This is why the death of someone who belongs to our community, race, and nation affects us more. We think we’ve lost one of our own.

Losing one of our own suddenly brings us face-to-face with our own mortality.

“If they’ve died, it means my group is under threat. If my group is under threat, I’m probably going to die too.”

3. Death anxiety

Why do we think about our death in the first place?

Some theorists say we do it because of our advanced cognitive capabilities. According to them, humans are the only species that can think about their own death thanks to their highly developed brains.

As a result, everything we do becomes meaningless because it will all vanish after we die. Thus, death anxiety induces a sense of purposelessness.

People reduce their death anxiety by creating purpose in their lives. They make a legacy that can last beyond them. They want to be remembered long after they die- survival beyond death.

4. Living a purposeless life

Related to the previous point, could it be that thinking we’re going to die soon is our mind’s way of pushing us to live a more meaningful life?

If you’re living a meaningless life, your mind’s like:

“Danger! Danger! This is not how you’re supposed to live.”

Who decides how we’re supposed to live?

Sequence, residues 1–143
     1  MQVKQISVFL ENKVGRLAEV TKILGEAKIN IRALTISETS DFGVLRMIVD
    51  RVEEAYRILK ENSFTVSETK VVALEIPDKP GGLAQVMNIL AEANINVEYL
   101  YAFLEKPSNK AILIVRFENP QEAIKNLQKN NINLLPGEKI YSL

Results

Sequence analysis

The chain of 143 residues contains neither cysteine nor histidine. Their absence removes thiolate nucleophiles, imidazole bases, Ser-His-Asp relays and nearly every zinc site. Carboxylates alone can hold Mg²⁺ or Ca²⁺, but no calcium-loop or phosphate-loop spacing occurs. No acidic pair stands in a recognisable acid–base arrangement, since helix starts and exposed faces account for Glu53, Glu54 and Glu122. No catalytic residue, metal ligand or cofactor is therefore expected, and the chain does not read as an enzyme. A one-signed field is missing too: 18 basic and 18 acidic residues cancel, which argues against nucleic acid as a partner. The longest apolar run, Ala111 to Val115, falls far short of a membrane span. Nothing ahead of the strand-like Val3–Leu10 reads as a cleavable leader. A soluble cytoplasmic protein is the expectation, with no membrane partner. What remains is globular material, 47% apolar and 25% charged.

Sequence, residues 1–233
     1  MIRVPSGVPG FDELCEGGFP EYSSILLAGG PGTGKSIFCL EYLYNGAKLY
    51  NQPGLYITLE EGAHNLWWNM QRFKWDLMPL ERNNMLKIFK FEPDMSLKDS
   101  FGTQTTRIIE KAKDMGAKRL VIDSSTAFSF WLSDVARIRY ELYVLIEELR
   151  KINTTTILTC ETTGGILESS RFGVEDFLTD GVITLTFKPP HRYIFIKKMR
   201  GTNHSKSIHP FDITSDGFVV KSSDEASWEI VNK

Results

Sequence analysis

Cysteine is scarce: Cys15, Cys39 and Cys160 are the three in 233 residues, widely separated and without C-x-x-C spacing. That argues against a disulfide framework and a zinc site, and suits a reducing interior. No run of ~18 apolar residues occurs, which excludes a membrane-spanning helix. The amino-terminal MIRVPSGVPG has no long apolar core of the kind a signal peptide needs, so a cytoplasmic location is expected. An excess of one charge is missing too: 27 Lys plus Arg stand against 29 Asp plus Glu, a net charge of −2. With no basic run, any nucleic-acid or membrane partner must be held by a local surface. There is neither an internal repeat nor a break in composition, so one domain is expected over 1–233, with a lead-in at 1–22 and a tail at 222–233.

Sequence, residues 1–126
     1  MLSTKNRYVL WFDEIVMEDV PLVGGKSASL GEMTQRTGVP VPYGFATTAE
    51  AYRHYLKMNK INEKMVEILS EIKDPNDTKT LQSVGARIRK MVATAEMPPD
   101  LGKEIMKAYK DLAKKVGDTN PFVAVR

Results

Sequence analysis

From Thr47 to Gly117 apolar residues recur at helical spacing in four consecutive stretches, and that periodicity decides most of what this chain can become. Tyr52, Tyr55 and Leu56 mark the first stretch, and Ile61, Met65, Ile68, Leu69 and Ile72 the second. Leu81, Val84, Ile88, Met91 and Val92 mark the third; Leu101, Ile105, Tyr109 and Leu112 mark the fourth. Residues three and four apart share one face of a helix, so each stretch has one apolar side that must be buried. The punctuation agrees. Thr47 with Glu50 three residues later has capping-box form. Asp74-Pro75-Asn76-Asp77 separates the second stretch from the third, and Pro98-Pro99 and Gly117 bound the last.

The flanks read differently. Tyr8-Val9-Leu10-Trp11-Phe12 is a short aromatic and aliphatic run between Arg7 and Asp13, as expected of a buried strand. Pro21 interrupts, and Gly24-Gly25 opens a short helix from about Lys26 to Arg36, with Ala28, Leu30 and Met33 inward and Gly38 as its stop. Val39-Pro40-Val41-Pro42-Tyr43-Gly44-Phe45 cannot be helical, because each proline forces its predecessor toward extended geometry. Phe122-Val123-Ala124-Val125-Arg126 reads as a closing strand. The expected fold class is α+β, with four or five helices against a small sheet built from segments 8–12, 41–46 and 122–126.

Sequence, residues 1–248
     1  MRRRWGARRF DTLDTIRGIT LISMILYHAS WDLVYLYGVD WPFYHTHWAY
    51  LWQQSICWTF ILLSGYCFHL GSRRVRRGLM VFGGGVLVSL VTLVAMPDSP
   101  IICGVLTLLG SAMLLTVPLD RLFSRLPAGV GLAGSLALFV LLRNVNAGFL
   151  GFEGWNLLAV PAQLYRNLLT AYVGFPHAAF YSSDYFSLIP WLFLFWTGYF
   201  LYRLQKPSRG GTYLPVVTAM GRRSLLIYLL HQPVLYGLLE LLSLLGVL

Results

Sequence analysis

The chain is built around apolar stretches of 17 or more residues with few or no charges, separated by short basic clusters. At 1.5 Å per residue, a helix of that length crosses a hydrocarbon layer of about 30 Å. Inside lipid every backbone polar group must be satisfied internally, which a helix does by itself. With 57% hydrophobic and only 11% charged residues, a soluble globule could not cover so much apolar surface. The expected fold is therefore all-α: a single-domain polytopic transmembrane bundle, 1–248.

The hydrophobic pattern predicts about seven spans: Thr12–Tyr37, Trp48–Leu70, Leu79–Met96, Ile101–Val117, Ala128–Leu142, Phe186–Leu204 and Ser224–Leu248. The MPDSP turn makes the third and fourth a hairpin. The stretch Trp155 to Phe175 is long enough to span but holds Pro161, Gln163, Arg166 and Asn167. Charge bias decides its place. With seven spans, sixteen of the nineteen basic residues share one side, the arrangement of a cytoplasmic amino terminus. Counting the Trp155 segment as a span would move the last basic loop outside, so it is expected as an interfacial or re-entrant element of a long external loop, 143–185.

Our genetic programming.

As social species, we’re wired to contribute to our group. Contribution is a basic human need. If you’re not contributing to society in a meaningful way, your mind may interpret it as you not living a purposeful life.

So what does the mind do to push you to change your life?

It uses the thoughts of impending death to tell you:

“We ain’t got time. Contribute already!”

5. Social isolation

In ancestral times, social isolation meant death by starvation, disease, predators, or at the hands of out-groups.

This is why people hate social isolation and crave belongingness.

If your social group has shunned you, the thoughts of dying can flood your mind even if you’re living safely in a mountain hut alone.

People need other people to protect them, especially from death. When you return to your city or village after a long, lonely hike in some desolate area, you feel a sense of relief from seeing fellow homo sapiens.

In short, the mind’s like:

Social isolation = Death!

6. Sensing danger from others

There are examples of people who said they were going to die and got killed soon after. They had harmed someone who took revenge.

There are degrees of harming someone. You can sense it when you harm someone so much that they want you dead. 

In this case, the thoughts of death being near are not an exaggeration but a proportionate response to danger. 

If there’s something you can do to repair the situation, you definitely should.

Coping with the thoughts of death

People have different ways of coping with the thoughts and fear of death. If your fear of death is purely a fear of death and nothing else, you can use some thought exercises to cope with it.

Accepting that you’re going to die and there’s nothing you can do about it helps.

Living a purposeful life helps, too.

One thought that has helped me is this:

“When I’m on my deathbed, I’ll be glad I lived my life and didn’t waste much time thinking about death.”

This statement kills two birds with one stone. You accept that you can do nothing about it and focus on what would matter most in those last moments.

As I said, the mind is excellent at keeping the thoughts of death at bay.